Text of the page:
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  • Meeting abstract
  • Open Access

Exclusion of actin microfilaments from the cell-cell contact zone in HTLV-1 infected T-lymphocyte during the establishment of a functional virological synapse

  • 1Email author,
  • 1,
  • 2 and
  • 1
Retrovirology20118 (Suppl 1) :A199

  • Published:


  • Human Immunodeficiency Virus
  • Infected Cell
  • Donor Cell
  • Murine Leukemia Virus
  • Concomitant Change

Human T-lymphotropic virus type-1 (HTLV-1) spreads efficiently between T-cells via a tight and highly organized cell-cell contact known as the virological synapse (VS), by analogy to the immunological synapse. It is now clear that other retroviruses, including the human immunodeficiency virus type-1 (HIV-1) murine leukemia virus (MLV), also spread efficiently by cell-to-cell contact via a virological synapse.

The polarization of the microtubule-organizing center (MTOC), in the infected cell toward the target cell, is an important feature of the establishment of a functional HTLV-1-VS. This polarization is induced by a synergistic combination of signals from HTLV-1 Tax protein within the cell and from cross-linking of adhesion molecules at the cell surface. However, the mechanism by which the virions are delivered to the VS and the role of other component of the cytoskeleton are still not completely understood.

We have investigated the chronology of events following the polarization of HTLV-1 proteins (Gag, Env and Tax) in the donor cell toward the target T-cell, and the concomitant changes in the actin microfilaments. We show that the presence of Gag and Env at the VS is accompanied by exclusion of the actin microfilaments at the zone of the cell-to-cell contact, whereas Tax protein did not exclude actin. These results suggest that during the establishment of a functional VS, rearrangement of the actin microfilaments in the infected cell facilitate the transfer of HTLV-1 virions between cells.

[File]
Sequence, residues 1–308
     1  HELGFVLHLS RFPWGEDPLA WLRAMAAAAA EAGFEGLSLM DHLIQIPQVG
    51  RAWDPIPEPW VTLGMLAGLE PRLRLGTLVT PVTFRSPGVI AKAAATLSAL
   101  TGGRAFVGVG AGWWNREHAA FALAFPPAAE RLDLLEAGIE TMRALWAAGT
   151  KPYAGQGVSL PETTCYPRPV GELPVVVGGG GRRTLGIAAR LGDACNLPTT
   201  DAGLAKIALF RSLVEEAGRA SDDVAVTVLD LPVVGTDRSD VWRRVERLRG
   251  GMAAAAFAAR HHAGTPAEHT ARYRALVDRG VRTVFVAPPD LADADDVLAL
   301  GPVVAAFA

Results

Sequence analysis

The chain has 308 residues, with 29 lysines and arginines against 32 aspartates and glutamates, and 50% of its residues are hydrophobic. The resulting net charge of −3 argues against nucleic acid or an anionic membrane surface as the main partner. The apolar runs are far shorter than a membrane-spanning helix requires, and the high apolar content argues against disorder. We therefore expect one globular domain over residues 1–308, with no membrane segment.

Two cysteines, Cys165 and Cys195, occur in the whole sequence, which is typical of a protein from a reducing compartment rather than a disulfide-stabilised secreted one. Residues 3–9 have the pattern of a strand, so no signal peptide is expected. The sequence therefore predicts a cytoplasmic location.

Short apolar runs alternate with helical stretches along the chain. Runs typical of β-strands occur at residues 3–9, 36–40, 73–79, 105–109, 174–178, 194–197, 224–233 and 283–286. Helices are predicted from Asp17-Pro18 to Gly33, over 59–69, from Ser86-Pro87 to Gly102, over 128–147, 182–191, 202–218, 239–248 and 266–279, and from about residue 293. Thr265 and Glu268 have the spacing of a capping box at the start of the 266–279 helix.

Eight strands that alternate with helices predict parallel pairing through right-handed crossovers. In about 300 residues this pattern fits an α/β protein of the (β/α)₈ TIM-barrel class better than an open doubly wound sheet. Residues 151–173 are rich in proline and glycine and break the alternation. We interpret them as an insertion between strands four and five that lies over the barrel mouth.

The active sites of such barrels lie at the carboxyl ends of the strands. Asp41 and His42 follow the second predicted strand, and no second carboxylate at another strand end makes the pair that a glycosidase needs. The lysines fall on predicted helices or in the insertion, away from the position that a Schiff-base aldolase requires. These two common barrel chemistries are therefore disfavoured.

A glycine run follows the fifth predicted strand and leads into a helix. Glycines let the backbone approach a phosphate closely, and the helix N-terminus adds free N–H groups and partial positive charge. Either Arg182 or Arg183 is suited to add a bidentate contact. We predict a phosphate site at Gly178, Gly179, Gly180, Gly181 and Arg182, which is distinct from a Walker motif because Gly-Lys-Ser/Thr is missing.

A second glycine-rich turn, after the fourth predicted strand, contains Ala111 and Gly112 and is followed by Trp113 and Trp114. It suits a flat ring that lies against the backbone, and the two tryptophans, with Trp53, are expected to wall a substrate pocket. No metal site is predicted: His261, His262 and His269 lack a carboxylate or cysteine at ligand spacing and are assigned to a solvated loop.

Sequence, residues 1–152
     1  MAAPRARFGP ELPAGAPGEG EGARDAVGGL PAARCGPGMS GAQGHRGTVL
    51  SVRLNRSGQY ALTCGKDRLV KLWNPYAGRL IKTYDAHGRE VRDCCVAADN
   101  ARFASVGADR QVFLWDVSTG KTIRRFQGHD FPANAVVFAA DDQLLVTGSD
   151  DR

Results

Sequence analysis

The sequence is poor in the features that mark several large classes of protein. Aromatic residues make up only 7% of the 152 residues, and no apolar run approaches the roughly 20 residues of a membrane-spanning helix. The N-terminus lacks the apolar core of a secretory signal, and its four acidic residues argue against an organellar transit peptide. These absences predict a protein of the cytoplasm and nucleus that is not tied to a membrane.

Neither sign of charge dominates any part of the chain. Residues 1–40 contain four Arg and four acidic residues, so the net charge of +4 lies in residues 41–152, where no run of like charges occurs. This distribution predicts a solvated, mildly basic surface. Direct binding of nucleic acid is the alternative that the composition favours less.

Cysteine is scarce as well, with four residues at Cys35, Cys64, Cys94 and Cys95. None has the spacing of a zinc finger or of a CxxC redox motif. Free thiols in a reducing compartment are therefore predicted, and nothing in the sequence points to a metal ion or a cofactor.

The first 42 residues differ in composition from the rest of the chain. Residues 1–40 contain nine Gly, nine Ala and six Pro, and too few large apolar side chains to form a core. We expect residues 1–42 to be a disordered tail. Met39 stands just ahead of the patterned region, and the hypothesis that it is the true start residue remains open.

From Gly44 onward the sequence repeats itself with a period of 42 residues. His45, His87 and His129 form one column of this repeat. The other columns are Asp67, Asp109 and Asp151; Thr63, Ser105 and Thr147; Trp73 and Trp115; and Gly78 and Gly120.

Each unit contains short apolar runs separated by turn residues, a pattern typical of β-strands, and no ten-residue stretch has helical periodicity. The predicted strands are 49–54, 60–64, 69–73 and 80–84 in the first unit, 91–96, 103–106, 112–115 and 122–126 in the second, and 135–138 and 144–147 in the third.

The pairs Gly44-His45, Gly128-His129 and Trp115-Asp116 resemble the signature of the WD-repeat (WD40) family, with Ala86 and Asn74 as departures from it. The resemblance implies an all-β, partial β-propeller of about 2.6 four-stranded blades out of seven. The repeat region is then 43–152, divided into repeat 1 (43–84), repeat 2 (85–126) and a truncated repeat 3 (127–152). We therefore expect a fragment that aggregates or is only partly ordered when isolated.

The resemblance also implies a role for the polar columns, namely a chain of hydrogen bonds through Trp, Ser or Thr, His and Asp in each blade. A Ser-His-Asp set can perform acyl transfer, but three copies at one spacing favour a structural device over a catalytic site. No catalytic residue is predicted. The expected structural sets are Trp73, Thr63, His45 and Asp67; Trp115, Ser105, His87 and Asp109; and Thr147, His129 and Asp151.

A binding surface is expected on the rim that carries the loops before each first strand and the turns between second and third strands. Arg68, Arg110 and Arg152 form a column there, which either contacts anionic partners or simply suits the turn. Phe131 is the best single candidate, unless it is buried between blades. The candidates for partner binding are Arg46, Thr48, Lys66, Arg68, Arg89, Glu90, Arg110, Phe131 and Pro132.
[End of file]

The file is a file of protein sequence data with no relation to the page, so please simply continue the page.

Authors’ Affiliations

Department of Immunology, Wright-Fleming institute, Norfolk Place, Imperial College London, London, W2 1PG, UK
Department of Medicine, infectious diseases group, Norfolk place, Imperial College London, London, W2 1PG, UK


© Nejmeddine et al; licensee BioMed Central Ltd. 2011

This article is published under license to BioMed Central Ltd. This is an open access article distributed under the terms of the Creative Commons Attribution License (, which permits unrestricted use, distribution, and reproduction in any medium, provided the original work is properly cited.